It is reasonable to want Houston Grand Opera to finish what has been a revelatory season with its crowning achievement, a definitive performance of Richard Strauss and Hugo von Hofmannsthal’s splendid Ariadne auf Naxos. But maybe such expectations are unrealistic.
The company started last October with a lavish staging of Madame Butterfly, outraged some opera-goers with a shocking Peter Grimes and Dead Man Walking, not to mention a groundbreaking Lucia di Lammermoor, successfully premiered the first mariachi opera, To Cross The Face of the Moon, and then satisfied all with a minimalist yet highly inspired Marriage of Figaro. The latter was so popular that another performance was added to the run.
HGO’s Ariadne is nice but unexceptional. In many ways, it is the most complex opera of this season, both musically and in terms of its multi-layered themes. It has, however, received the least imaginative production of the season, with largely traditional set and costume designs by Robert Perdziola and very straightforward direction from John Cox. This seems a paradox, considering that much of the subject matter of this opera is theater itself. Being at times a self-reflexive work, one expects the production team to have had a field day with the piece.
Three women have to carry us through this metaphorical and philosophical opera, and they need to be equal players. Two of them came in short, while the third went the extra mile and stole the show.
In the prologue it is Zerbinetta, I believe, who refers to The Composer with contempt, saying, “his endless top notes are irritating.” Funny when mentioned within the opera, unfortunately this was exactly the case with Susan Graham, who didn’t seem in good voice on Friday night. It was as if she couldn’t hear herself. She seemed even out of breath at times. Most of her top notes were distinctly sharp or flat, and vocally she wandered throughout the scene, giving us far too many sudden fortissimos.
Strauss gave some of his most glorious phrases to this character, and I kept waiting for Graham to settle in and dazzle, but she didn’t. There is also the matter of her acting. Yes, The Composer has a stormy persona, but that doesn’t mean the part is one-dimensional. “He” has to do more than stamp his foot time and again.
Just a month ago at Dallas Opera, Laura Claycomb gave an exacting, emotional performance as Gilda in Verdi’s popular Rigoletto. Her voice was rich and confident, clear in the high notes, her phrasing smooth and inventive. Thrilling to hear, she was also a very convincing actor, vulnerable and endearing as the hunchbacked jester’s beautiful daughter. This being the only other role I’ve seen her perform, however, it appears that she is much more attuned to Verdi’s flowing Italian than Strauss’ dense Austrian-flavored German.
Her interpretation of Zerbinetta on Friday was largely unremarkable. It seemed she was protecting her voice in order to make it through the thing. Her high notes were raspy, sometimes thin. She struggled with the coloratura flourishes in the lengthy second-scene “Opera” aria. She looked tired. This might have been unnoticeable if she had exuded more charisma. Zerbinetta is an “all or nothing” role, and Claycomb stayed safely in the middle.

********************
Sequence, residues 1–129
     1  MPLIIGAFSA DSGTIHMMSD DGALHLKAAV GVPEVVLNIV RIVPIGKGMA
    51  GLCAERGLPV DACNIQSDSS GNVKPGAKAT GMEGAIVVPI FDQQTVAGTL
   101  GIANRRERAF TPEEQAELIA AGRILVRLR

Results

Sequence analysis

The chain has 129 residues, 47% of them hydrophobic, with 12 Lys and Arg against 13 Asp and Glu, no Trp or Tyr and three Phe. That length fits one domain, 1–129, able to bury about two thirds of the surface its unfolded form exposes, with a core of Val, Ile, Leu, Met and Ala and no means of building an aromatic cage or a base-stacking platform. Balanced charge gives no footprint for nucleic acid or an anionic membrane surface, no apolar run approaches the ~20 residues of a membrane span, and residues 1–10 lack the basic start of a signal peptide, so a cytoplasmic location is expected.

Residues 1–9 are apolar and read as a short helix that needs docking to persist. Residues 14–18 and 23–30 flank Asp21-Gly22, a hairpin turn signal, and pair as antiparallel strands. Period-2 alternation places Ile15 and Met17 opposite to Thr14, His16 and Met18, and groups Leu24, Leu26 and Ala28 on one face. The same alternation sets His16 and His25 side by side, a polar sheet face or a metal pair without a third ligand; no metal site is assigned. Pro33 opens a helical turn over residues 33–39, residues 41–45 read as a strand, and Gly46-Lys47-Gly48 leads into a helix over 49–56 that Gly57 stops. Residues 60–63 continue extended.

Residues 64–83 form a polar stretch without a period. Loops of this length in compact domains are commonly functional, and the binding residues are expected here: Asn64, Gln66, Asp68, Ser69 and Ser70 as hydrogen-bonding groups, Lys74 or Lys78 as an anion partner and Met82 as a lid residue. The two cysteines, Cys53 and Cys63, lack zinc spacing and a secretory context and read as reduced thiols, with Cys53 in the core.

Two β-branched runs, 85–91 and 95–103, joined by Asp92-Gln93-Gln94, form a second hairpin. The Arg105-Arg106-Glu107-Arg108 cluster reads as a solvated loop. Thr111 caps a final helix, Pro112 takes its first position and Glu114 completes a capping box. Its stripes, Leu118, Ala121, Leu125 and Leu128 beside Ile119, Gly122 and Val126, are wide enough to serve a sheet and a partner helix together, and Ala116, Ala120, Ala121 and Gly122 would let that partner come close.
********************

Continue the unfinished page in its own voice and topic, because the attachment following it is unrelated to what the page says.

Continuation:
Graham and Claycomb were decidedly awkward in their brief intimate duet, but not in the right way. Their realization of affection should be the high-point of the first act — it should leave the viewer feeling uneasy but also excited. Strauss knew what he was doing here, creating a lovely tension between the two divas, but it just didn’t come through on Friday
As The Prima Donna in the prologue and Ariadne in The Opera, Christine Goerke was confident and insistent, magnificent in every respect and clearly at the top of her game. Funny and dramatic, she seemed entirely natural in these roles, as if they had been written expressly for her. As well, her commanding voice was the only one that prevailed over a largely dominant orchestra. She has a powerful, fully resonant quality that would make her an ideal Wagnerian singer, and one can only imagine what her recent interpretation of Kundry in Parsifal at Turin’s Teatro Regio was like. I’d safely bet that it was incredible.
Standing on her lonely rock and beckoning to what she believes is Hermes ready to escort her towards death, a spine-tingling moment, she was one of the most extraordinary artists on HGO’s stage this season. She is the figurative and literal dénouement of this production. Goerke returns next year to sing Princess Eboli in Verdi’s Don Carlo, which is not to be missed.
The men did quite well throughout the evening. In particular, Rodell Rosel brought great finesse to the Dance Master in the Prologue, and young singer Boris Dyakov was an extremely appealing Harlequin, with a strong, lyrical voice and a stand-out approach to Strauss’ challenging phrasing. Alexey Dolgov is a formidable heldentenor, demonstrating elegance and a dreamy demeanor as Bacchus, though he was a bit pressed to compete with Goerke in their epic duet. I won’t hold it against him, since he was singing with someone from the God realm, even though he was supposed to be the god.